As a result of the COVID pandemic, 16% of children in Germany have gained weight. These are the results of a forsa survey conducted in the first half of this year among 1,000 parents on behalf of the German Society Against Obesity (DAG) and the Elke Kröner Fresenius Center of the Technical University of Munich. According to the study, children and adolescents between the ages of six and 16 increased their media consumption by 70% and ate twice as many snacks.
The new German perfect child? Migration, obesity, sedentary lifestyle, but "happy"...
Figures published in previous years already gave reasons for concern. The "homebody" generation spends too much time in front of the computer, TV or smartphone. Interruption in schoolwork, as well as school and club sports during "breaks", has exacerbated this trend.
According to an analysis by the Kaufmännische Krankenkasse (KKH), the number of obese children between the ages of six and 18 increased by 27% in a decade. The results of the second wave of the child and adolescent health survey also showed alarming results. According to data from 2014 to 2017, 9.5% of children and adolescents between the ages of three and 17 were overweight, and 5.9% were even obese.
In addition to restricting junk food advertising, the DAG calls for a tax on sugary drinks and improved school lunches. Doctors such as Dr Sven Armbrust, chief physician at the Clinic for Pediatrics and Adolescent Medicine in Neubrandenburg, Mecklenburg-Western Pomerania, go even further. Back in 2013, he recommended the introduction of a subject on nutrition in schools. And it is clear why − children of overweight parents tend to become obese themselves, because the lifestyle of the family has a decisive influence on their behaviour.
Other experts also call for more physical activity. The Association of German Physical Education Teachers, for example, has been advocating the introduction of a third physical education lesson for all grades for years. But that's not all. Up to 50% of children after elementary school can swim poorly or not at all.
Pool closures have taken a bitter toll in recent decades: Covid-19 made the situation worse here, too, because swimming classes could not be held. A national program to build pools is almost necessary to have classes regardless of the weather.
Fewer and fewer German children are learning to swim. No problem: the fat always floats on top.
The issues of nutrition and exercise were deliberately put at the beginning of this article because a strong physique has a decisive influence on the ability to absorb academic material. But somehow or other, the once venerable German educational system is cracking and crunching. And this is no coincidence.
For today's Marxist and ultra-liberal system of "education" knows no shortage of talent, only a shortage of methods. This has led not least to a relaxation of standards, especially in Abitur. The ability to "choose" subjects (for examinations) has replaced the once solid standards that could not be violated.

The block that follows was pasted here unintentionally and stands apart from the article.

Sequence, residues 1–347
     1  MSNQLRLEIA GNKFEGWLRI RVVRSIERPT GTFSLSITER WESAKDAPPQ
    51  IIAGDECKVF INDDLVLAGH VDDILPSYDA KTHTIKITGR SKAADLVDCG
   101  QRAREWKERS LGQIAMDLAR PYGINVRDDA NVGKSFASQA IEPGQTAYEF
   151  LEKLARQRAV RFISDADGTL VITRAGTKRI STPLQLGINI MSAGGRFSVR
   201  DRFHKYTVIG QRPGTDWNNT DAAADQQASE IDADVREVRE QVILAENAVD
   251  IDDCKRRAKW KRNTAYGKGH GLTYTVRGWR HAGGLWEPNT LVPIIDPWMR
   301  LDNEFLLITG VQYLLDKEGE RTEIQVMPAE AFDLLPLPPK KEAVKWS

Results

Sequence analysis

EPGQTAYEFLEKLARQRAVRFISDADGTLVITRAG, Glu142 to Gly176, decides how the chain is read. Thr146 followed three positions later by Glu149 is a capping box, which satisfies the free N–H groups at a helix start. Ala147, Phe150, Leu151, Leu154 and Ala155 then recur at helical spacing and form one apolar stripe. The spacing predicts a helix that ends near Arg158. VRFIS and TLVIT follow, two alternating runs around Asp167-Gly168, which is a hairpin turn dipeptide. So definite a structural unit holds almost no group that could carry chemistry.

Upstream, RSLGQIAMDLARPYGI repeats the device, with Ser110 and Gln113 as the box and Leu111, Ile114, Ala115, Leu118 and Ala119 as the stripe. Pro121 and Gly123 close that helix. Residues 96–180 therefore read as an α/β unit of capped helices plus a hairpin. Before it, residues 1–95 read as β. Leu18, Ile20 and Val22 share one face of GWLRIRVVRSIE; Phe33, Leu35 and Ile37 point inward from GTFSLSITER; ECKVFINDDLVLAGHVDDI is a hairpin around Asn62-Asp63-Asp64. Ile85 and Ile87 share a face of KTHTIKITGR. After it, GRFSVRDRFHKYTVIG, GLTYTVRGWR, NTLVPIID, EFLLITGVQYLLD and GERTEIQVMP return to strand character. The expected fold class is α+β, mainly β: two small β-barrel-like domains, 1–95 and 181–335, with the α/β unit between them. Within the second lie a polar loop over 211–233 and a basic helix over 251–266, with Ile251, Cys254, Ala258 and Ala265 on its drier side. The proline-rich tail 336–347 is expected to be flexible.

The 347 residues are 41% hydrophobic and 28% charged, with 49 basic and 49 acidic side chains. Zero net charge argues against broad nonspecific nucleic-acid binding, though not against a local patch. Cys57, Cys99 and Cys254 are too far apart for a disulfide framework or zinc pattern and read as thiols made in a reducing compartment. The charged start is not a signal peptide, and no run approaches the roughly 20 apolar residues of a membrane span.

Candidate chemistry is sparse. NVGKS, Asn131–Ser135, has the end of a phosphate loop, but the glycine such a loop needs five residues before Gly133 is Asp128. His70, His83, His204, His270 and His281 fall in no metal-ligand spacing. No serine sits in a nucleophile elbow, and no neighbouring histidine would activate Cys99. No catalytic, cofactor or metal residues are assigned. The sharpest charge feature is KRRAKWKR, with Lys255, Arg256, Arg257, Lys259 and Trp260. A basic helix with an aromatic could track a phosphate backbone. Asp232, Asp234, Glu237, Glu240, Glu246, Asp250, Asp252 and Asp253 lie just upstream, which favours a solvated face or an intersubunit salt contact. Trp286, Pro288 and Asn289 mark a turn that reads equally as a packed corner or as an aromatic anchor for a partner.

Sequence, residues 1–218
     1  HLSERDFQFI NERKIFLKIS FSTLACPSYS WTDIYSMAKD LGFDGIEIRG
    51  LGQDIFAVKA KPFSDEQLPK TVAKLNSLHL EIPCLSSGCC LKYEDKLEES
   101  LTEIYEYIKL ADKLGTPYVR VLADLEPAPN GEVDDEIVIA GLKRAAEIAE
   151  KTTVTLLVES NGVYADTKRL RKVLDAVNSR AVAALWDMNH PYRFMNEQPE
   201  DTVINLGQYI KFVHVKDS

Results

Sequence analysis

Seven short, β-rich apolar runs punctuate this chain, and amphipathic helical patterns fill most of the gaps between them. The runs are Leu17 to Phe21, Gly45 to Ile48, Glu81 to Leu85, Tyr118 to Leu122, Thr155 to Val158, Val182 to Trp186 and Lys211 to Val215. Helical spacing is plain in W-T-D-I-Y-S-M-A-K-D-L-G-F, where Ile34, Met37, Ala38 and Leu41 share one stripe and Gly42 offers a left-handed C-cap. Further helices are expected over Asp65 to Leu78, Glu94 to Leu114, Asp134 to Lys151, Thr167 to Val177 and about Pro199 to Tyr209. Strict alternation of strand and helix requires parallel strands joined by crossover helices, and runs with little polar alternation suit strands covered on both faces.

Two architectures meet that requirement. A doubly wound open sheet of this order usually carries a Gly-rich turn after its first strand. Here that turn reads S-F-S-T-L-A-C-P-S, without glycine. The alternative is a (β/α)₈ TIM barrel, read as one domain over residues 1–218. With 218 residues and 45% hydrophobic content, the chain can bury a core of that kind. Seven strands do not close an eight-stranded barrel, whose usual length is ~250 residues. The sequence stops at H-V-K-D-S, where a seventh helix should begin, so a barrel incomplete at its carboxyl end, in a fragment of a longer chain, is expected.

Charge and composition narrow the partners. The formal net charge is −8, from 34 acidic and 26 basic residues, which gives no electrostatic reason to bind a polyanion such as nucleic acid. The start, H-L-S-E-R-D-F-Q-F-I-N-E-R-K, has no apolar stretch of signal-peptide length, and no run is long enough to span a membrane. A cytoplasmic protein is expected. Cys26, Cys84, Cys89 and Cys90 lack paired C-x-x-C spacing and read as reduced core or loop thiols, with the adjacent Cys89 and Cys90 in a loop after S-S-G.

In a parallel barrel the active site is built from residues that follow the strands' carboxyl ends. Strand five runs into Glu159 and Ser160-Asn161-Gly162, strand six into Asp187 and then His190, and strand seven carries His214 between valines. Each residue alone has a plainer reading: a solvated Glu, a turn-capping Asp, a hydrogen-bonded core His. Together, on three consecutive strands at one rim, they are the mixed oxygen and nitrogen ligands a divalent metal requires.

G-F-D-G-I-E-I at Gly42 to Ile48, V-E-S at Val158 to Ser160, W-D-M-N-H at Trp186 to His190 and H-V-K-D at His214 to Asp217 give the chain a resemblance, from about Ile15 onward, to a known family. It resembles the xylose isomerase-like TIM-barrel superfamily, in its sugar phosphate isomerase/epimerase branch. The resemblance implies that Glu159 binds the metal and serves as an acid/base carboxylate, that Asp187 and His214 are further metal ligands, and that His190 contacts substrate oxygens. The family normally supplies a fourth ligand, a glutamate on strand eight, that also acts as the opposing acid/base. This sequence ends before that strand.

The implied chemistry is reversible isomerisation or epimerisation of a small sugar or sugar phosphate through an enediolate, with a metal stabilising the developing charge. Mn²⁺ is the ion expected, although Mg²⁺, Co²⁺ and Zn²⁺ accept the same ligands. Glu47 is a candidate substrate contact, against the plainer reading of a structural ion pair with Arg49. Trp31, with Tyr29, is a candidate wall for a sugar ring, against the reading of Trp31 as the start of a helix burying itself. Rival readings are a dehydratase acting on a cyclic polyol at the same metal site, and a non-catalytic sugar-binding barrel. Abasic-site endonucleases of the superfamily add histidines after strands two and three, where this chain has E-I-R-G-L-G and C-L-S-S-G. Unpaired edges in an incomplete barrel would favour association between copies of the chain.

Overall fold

Soft pedagogy attracts young people who are no longer accustomed to navigating rough waters and obstacles − especially later, during their studies. In general, one wonders whether there are too many young people in the Federal Republic of Germany who do not qualify for higher education. It is often about 40% of the total. In the circles of skilled professionals there is talk of "academia mania" in this context. Experts such as Heino Bosselmann, a teacher in Rostock, advocate a significant reduction in the number of high school graduates.
The trend that has been raging since the late 1960s, mostly in proletarian circles: "My children should also go to gymnasiums!" Since then, the number of gymnasium students has increased tenfold.
Bosselmann commented on this in an interview with the magazine Zuerst in 2010: "If more than half of the class is transferred to a gymnasium, the other types of school lose out. So the old Realschule became Hauptschule, and Hauptschule, in turn, was downgraded to Förderschule."
The politicians' plan, which has already become dogma, to send 40 to 50% of students to gymnasiums, is considered "self-deceiving" by Bosselmann. After all, 25% of students subsequently drop out of higher education, and these are the 25% "who are already wrong in the gymnasium and require remedial education."
When asked whether today's high school graduates are stupider than those of the 1960s, Bosselman answers in the negative: "At least not in the upper third of the grades; there we can assume a cultural constant." Educators today find it more difficult to carry out their professional activities "because they are exposed to the politically predetermined image of someone who believes that everyone can do anything."
This view is also held by the Association of German Philologists, an association of school teachers preparing students for the Abitur, founded in 1903. For several years now, it has been calling for elementary school recommendations to "become more mandatory again", as the national chairwoman of the association, Susanne Lin-Klitzing, put it.
After all, it had become accepted in Germany that only parents could decide "which high school their child would go to." Lin-Klitzing advocates a combination of parental wishes, teacher opinion, and nationwide tests in the last grade of elementary school. In some federal states, such as Baden-Württemberg, rethinking of this policy has already begun.
Another huge issue is federalism, which makes the Federal Republic resemble a big educational patchwork quilt. Experts and a clear majority of the population have been calling for years for a uniform educational system with comparable qualifications for the country. Imagine moving with your children to another federal state and discovering a completely different educational system there. This is not really something that makes you enthusiastic.